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CH2M Hill subsidiary to cut 147 jobs after losing North Slope contract

Nearly 150 people will lose their jobs after a CH2M Hill subsidiary lost a North Slope contract to a competitor, sparking fears among union and state officials that the primarily Alaska workforce will be replaced by a large number of Outside employees during a time of economic hardship for the state.

BP issues the contract for oil field services at the Prudhoe Bay fields, and the work was done primarily by members of local unions in Alaska. The new contract is expected to be carried out by non-union workers, according to Ty Hardt, a spokesman for Arctic Slope Regional Corp., the parent company of ASRC Energy Services, which will fulfill the contract.

The BP contract was signed with the Wood Group, an international energy services provider based in the United Kingdom, where BP is also headquartered. ASRC Energy Services, a subsidiary of the Alaska Native-owned corporation, will be the subcontractor.

Hardt could not say Friday what the net gain or loss of jobs would be.

"The size of the projected workforce is currently unknown and will remain so until the exact scope of work is made available to AES by BP," he said in an email.

He said the AES contract requires the company "to use every reasonable effort to recruit and employ Alaska residents for state-based positions. However, ultimately BP must approve all new hires on this contract, so qualifications and experience will certainly be a consideration."

A BP spokesperson did not respond to requests for comment Friday.

CH2M Hill subsidiary Norcon will lose the contract this summer, officials said. The work has long been performed by Alaska unions, according to Bob Hubbard, business manager with Plumbers and Pipefitters United Association Local 375 in Fairbanks.

The union connects wells to pipelines and provides other pipeline-related services. About 45 union members, Alaskans who mostly live in Fairbanks, will lose their jobs, Hubbard said.

Workers with other union locals in Alaska are also being cut as part of the contract change, he said.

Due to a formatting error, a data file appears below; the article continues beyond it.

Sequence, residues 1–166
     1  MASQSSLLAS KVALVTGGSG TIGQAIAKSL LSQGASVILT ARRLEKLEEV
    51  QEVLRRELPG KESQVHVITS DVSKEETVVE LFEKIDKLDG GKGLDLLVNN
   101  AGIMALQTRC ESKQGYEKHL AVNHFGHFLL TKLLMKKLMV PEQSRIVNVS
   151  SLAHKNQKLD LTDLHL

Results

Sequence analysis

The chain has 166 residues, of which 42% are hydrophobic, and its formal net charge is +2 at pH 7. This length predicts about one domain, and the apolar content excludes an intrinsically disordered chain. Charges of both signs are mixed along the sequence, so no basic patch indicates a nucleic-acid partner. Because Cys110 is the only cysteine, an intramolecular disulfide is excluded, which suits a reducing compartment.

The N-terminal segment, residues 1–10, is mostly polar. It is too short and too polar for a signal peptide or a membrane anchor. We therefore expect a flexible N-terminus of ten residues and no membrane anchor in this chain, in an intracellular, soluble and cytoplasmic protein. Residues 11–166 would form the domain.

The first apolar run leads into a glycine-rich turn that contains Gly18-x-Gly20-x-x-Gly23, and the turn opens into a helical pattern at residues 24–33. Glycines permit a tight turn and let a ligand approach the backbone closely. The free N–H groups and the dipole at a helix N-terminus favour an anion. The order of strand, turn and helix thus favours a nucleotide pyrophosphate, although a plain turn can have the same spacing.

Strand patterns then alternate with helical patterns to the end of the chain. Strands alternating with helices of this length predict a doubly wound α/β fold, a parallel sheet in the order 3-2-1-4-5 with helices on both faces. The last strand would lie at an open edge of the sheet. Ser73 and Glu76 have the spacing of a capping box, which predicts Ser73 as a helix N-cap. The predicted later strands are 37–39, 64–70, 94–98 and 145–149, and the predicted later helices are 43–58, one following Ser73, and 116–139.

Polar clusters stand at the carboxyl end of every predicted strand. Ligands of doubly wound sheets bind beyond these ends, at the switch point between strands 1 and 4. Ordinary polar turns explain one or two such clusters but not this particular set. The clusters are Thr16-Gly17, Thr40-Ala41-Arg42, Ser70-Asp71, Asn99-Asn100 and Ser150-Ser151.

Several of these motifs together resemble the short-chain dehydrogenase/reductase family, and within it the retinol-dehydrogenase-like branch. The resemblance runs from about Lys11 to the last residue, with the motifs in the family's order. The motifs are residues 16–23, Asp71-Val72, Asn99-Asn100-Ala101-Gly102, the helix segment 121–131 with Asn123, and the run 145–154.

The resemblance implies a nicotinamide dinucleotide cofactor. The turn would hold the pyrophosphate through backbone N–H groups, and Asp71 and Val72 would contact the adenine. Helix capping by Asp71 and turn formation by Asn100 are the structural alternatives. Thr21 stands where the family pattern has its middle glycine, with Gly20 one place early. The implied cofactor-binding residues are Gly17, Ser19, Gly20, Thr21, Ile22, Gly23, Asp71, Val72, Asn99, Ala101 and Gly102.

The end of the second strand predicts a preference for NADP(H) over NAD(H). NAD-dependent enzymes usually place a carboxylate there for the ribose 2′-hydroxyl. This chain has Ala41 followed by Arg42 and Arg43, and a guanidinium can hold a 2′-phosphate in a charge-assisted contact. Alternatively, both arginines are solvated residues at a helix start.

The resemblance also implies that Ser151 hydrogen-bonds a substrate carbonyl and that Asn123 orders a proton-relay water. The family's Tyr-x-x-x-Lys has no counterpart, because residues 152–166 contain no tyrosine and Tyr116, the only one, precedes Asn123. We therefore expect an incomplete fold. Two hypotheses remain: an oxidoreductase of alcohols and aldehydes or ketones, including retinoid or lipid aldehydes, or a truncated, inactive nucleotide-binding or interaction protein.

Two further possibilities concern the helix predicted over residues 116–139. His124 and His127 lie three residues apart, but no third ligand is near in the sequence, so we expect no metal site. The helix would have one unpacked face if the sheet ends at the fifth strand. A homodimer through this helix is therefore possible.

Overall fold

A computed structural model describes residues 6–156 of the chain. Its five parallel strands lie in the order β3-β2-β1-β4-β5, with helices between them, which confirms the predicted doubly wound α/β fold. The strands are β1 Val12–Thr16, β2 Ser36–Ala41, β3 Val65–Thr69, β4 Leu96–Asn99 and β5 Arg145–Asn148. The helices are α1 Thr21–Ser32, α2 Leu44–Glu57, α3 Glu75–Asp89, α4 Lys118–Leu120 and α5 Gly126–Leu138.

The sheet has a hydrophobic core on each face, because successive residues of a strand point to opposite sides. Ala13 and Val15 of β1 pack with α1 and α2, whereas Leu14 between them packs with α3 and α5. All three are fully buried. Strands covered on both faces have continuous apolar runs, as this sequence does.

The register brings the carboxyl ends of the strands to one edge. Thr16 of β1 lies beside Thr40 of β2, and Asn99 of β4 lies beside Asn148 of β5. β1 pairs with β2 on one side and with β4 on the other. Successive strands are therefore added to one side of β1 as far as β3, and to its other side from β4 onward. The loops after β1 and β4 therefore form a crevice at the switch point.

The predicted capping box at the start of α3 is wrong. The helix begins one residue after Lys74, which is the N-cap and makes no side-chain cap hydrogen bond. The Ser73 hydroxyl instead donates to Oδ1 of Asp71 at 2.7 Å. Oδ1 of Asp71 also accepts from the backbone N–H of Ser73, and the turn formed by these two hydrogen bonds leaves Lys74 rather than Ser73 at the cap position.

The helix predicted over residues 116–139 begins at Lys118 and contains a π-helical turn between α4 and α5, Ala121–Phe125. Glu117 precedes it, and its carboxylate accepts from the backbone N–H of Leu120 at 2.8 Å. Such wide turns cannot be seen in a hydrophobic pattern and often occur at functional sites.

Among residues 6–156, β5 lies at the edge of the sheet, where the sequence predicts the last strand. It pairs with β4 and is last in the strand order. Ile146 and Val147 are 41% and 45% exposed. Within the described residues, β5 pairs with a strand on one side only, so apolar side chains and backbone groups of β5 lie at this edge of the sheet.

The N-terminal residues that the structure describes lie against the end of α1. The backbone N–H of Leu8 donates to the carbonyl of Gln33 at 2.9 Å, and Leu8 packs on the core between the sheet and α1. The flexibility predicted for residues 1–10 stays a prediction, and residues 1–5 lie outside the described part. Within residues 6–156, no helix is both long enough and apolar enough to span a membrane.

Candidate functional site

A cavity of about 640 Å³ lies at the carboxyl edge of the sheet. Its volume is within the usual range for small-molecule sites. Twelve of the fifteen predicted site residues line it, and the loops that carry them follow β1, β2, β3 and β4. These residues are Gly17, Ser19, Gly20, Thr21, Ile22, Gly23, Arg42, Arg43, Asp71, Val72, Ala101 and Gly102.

"It stinks," he said of the change, adding that the union workers won't be employed in the new contract.

"We are fortunate to have the work we've had with BP," he said.

Under a federal law requiring companies to give notice of large layoff decisions, Norcon reported to the state Monday that it had lost the BP contract. The company said it expected to begin the 147 layoffs in stages starting in July, said Lisa Mielke, an official with a state agency that tries to find new work for Alaskans who lose jobs.

On Friday, Mielke said she had talked with Norcon this week, and reached out to ASRC Energy Services to learn details about the change. She plans to urge AES to employ Alaskans.

More than one-third of the oil and gas jobs in the state are held by nonresidents, a number that has grown in recent years, the state has reported. Those workers fly to North Slope job sites to work extended periods, then return home for extended breaks. Critics say they contribute little to the economy compared to Alaskans who live here.

"Even if we have to find Alaskans for (ASRC Energy Services), we will," Mielke said.

Hit with a long-running economic slump because of low oil prices, Alaska has had its unemployment rate be the highest or second-highest in the United States for more than a year.

The April unemployment rate grew slightly from the month before, to 6.6 percent, the state announced Friday. That compares to 4.4 percent nationally.

CH2M Hill is a Colorado-based engineering company that acquired Norcon when it bought Veco from Bill Allen and his family in 2007, an outcome of a bribery scandal and Allen's guilty plea to federal charges. CH2M Hill said in April 2016 that it employs about 2,000 people in Alaska, many on the North Slope.

Lorrie Crum, with CH2M Hill headquarters in Denver, said on Friday that the company recently invested in the new 452-bed Arctic Oilfield Hotel in Deadhorse. It opened in August 2016 to provide employee housing on the North Slope.

"We're invested in the region, we're invested in the industry and we'll continue to work in the region," Crum said.

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